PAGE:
JERUSALEM (Dec. 28)
The pluralism battle in Israel is heating up again, with the Knesset taking a first step to undermine a landmark Supreme Court ruling.
On Monday, Orthodox parties won support in the first of three Knesset votes on a bill designed to bypass a recent Supreme Court decision requiring the government to appoint Reform and Conservative representatives to local religious councils. The bill was approved 51 to 46, with 2 abstentions.
The Reform and Conservative movements are furious, saying the bill mocks the court and delegitimizes liberal Jewish streams in Israel and abroad.
After the court issued a landmark ruling in November requiring that Reform and Conservative representatives be installed on local religious councils in five Israeli cities, some Orthodox groups vowed to undo the ruling through Knesset action.
Non-Orthodox leaders say they will take their seats on the religious councils even if the bill is eventually enacted into law.
“I will not give those people the satisfaction and pleasure of bypassing the authority of the Supreme Court,” said Rabbi Ehud Bandel, president of the Masorti movement, as the Conservative stream is known in Israel.
Bandel was slated to take his seat on the Jerusalem religious council after the recent court ruling.
Orthodox Knesset members were not immediately available for comment. In the past, they have opposed placing Reform and Conservative members on the religious councils. They say it is a violation of the religious status quo established in the early years of the state of Israel, adding that Judaism is not pluralistic.
According to the bill, every member of a religious council will be required to abide by rulings of the Orthodox Chief Rabbinate. Along with placing them under Orthodox control, this provision could be used to keep the Reform and Conservative delegates from funding their synagogues.
The local religious councils, supervised by the Religious Affairs Ministry, have exclusive jurisdiction over marriage, kashrut, burial and other religious matters for all Jews living in Israel. Members of each council are appointed by the local municipal council, the religious affairs minister and the local chief rabbi.
The councils are supposed to include delegates in proportion to the composition of political lists on local city councils. The secularist Meretz Party has supported the inclusion of representatives from Judaism’s Conservative and Reform streams.
Rabbi Uri Regev, director of the Reform movement’s Religious Action Center, said the bill is “designed to castrate the Supreme Court’s decisions” and “bring Israel back to a dark era in which the rabbinate will expand and the rule of law will be diminished.”
The bill includes another clause that has angered the non-Orthodox movements. Under this clause, religious council members will pledge allegiance to the state of Israel — but not to its laws.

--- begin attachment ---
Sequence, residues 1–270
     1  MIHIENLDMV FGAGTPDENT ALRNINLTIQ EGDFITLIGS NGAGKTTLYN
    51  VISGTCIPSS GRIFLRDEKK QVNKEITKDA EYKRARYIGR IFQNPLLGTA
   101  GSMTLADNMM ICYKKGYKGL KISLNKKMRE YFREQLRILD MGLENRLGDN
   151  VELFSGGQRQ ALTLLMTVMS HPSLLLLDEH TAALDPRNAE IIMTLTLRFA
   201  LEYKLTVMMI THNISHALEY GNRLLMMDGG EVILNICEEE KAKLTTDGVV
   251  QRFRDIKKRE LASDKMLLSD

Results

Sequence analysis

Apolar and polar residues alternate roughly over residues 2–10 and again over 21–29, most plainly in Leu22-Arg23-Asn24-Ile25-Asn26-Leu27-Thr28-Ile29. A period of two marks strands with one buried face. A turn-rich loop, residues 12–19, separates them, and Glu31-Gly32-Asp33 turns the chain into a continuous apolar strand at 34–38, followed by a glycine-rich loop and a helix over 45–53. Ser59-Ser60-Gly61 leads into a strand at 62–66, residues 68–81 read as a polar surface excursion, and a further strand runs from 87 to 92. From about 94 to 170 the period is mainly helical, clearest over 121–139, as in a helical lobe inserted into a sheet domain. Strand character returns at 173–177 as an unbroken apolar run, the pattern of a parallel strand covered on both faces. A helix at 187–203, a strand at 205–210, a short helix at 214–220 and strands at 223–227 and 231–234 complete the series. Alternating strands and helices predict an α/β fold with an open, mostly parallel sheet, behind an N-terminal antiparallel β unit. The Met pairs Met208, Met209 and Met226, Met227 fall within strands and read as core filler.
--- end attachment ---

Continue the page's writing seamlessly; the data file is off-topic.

Other civil servants, such as judges and Cabinet ministers, pledge allegiance to Israel and its laws. The exclusion in the bill is seen by non-Orthodox groups as an attempt to delegitimize the secular legal system.
North American Reform and Conservative leaders are also angry.
In a letter sent to Prime Minister Benjamin Netanyahu on Dec. 24, the Leadership Council of Conservative Judaism protested the bill, saying it denies non-Orthodox Jews their rights in Israel.
The bill “may lead to a potential rupture between Israel and Diaspora Jewry,” and so “must be avoided for the sake of Klal Yisrael,” said the council, which includes the heads of the Jewish Theological Seminary, Rabbinical Assembly, United Synagogue of Conservative Judaism, Women’s League for Conservative Judaism and the Federation of Jewish Men’s Clubs. Together, these groups represent more than 1.5 million Conservative Jews in North America.
The re-emergence of the pluralism battle is not directly related to Israel’s move to early elections.
But Bandel charged Orthodox groups are “exploiting the uncertainty” surrounding the elections to push through the legislation.
After the Orthodox parties’ success this week in the Knesset, the Reform and Conservative movements were preparing for an imminent revival of a controversial conversion bill that would cement into law an Orthodox monopoly on conversions performed in Israel.
Bandel said he expects the bill — which passed a first Knesset vote in April 1997 — to come before the Knesset soon for required second and third votes.
The conversion bill was put on hold after a committee headed by former Finance Minister Ya’acov Ne’eman created a joint conversion institute including representatives from all Jewish streams. The institute is slated to begin operating next month.
The committee’s recommendations were never accepted by the Orthodox Chief Rabbinate, and Reform and Conservative leaders say this has left the door open for the Orthodox parties to reintroduce the conversion bill.